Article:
The educators and Government need to raise the question if the children, across age-groups, are benefitting by online education. Are the children learning? Would they want to perpetuate the perception that it is only the examination at the end of the term that matters? And what happens during class-room teaching is just a needless distraction/pretence that online learning has successfully replaced?

Blended learning/Alternate attendance/Self-study

Several options are being floated to complete the syllabus, as and when the schools open. The most-talked option is 50% of the students present in the school on any given day. There is a jargon of blended learning, a combination of online and offline, doing the rounds. Some topics seem to be a contender for self-study by students.

June has ended. It does not look like coronavirus is going to wither away in two months. Meaning, the schools are not going to open before September, at best. With schools closed from last week of March, the teaching of the new term would have hardly started. This means that students would just get about six months in school to complete the syllabus. It is just not enough.

The teachers might run through the chapters, but the students cannot be expected to absorb so much of learning in so short a time. Would schools and parents want the foundation of the children to be strong or find them shaky in years to come?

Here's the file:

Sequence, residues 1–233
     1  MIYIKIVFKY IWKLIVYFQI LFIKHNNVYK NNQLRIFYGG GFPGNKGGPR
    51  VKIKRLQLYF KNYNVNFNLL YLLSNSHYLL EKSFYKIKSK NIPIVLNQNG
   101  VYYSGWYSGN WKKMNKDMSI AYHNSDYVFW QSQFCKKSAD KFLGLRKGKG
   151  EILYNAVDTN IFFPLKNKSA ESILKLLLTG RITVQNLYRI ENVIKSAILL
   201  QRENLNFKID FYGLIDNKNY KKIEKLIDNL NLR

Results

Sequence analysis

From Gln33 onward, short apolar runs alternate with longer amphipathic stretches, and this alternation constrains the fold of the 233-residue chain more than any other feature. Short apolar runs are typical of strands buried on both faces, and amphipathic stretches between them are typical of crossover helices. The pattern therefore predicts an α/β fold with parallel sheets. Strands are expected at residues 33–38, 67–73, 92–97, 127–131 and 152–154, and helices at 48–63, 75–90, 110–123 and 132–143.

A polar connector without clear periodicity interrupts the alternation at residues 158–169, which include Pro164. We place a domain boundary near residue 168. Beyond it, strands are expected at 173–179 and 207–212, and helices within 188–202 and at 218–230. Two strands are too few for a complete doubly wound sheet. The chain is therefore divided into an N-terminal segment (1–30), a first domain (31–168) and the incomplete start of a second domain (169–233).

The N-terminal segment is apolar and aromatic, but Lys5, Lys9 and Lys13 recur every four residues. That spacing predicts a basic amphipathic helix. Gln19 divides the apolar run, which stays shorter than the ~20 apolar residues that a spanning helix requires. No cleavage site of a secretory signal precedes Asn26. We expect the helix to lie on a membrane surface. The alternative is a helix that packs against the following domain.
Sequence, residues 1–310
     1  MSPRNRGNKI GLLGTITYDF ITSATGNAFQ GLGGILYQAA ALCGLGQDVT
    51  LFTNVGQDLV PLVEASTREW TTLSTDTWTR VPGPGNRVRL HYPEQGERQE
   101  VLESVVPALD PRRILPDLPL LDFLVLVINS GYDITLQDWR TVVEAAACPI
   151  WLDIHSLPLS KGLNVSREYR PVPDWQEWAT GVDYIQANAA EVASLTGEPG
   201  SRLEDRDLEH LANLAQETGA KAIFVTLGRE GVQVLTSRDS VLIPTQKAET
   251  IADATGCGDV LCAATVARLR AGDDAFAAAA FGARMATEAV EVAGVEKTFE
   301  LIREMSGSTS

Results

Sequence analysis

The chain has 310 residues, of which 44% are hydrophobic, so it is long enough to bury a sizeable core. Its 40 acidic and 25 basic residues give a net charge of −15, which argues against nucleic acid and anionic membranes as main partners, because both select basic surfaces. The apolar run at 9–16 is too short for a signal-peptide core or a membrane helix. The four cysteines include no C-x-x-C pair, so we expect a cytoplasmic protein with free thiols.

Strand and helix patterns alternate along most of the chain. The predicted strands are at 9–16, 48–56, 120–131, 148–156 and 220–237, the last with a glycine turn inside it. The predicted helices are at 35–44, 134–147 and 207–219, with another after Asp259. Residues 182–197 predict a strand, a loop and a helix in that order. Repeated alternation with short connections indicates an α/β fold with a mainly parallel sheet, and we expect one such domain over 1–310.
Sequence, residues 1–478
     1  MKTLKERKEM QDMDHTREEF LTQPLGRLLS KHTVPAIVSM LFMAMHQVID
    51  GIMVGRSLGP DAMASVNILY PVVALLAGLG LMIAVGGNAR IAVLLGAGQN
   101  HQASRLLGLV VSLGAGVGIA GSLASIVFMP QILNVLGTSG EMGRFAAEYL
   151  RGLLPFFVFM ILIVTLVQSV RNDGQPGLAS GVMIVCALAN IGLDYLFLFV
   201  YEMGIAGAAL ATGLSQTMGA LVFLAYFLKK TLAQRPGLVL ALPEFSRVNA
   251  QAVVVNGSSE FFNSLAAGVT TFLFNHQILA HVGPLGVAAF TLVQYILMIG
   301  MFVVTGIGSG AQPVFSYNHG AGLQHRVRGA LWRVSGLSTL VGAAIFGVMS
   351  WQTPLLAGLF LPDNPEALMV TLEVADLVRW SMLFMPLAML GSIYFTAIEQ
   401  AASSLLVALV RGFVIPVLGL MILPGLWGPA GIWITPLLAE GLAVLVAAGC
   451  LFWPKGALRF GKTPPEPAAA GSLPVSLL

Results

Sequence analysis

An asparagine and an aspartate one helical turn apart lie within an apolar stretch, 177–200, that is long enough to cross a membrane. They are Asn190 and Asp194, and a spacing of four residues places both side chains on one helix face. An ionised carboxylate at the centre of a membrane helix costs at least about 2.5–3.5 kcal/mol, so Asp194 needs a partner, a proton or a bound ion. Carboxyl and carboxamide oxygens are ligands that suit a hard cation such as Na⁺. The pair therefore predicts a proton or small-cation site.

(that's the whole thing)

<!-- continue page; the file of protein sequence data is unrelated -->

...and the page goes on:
Zero Academic Year

The parents having access to online education for their children might feel why should their children miss out on a year? The answer would be that this would be their contribution to a fair and equal society. No parent would want their children to be a part of society that promotes inequality for children. It is about “No Child Left Behind”.

Anyways, the efficacy of online education is highly debatable. There is no validity of what the children are gaining by sitting like a zombie in front of a screen.

Let the online education happen for those who want and who can, but not the promotion to the next grade. Lest we shall violate the principles of a just nation and the rights of the children to quality education.

Given the coronavirus, in the larger context of life ahead, a Zero Academic Year might be the best bet for children.

My Daughter is Dark Skinned. I Fear for Her in Fair & Lovely Obsessed India

We have twin daughters – B +ve and O +ve, they are non-identical. It so happens that one of them is dark skinned and one of them has a lighter complexion.

The girl who is dark is getting darker by the day and I fear for her, fear for her self-belief, fear for her confidence, fear for her capacity to stand for what she is / will be, fear for her own self. I fear for her for I know the obsession with Fair & Lovely in India.

The first attention

I have seen this happening. I have seen this happening time and again. And, I know that I will keep seeing this happening time and again.